Food value remains a high priority for consumers experiencing financial stress.
Expect the cause of bigger food bills this year to be higher prices rather than freer consumer spending – because households continue to struggle, despite recent government data that suggest otherwise.
New-job creation is typically lower salary these days. The unemployment dip doesn’t include millions who’ve stopped seeking work. And people are stressed from working multiple part-time jobs without benefits, and paying health care costs and insurance premiums out of pocket.
The implications for supermarkets are that value will remain a shopper priority, and attempts to upscale should be limited, says The Lempert Report - to areas where Wall Street shareowners feel better about economic recovery, where housing prices have rebounded, and to categories where product innovation warrants premium prices.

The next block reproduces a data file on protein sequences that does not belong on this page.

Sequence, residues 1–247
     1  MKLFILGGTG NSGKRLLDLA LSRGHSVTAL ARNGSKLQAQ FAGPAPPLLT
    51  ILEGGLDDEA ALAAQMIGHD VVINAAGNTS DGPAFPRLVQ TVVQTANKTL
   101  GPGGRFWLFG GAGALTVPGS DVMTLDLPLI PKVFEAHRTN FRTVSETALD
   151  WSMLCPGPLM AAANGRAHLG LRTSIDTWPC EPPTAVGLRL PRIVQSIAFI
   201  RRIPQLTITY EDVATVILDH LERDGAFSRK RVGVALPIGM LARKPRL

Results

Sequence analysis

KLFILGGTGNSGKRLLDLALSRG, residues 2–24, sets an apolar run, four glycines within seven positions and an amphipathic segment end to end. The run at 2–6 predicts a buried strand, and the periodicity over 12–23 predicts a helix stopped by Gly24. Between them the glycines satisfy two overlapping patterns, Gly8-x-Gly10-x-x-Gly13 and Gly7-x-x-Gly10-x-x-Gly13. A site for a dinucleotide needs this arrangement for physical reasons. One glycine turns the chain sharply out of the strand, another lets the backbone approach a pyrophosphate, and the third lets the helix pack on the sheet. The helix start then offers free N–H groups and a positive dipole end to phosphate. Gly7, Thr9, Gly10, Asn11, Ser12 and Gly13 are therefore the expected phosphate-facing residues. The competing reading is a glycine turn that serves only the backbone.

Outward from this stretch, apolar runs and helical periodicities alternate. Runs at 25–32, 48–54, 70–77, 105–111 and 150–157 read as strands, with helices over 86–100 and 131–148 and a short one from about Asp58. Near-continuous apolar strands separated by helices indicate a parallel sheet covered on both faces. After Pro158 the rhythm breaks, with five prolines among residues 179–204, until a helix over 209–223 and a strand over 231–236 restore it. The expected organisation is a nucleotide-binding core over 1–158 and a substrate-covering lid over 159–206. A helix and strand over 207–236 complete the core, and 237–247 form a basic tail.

A Federal Reserve Bank of St. Louis study determined “the recession has ended for only 25% of the U.S. population,” reports the New York Post. Though the nation’s wealth has recovered more than $16 trillion since the recession, 86% of that was in stock-market appreciation and 12% in housing, the Fed’s senior adviser and assistant vice president Ray Boshara told a blogger for Boston College’s Center for Retirement Research.
Here are some gritty details about how American consumers are faring in 2014: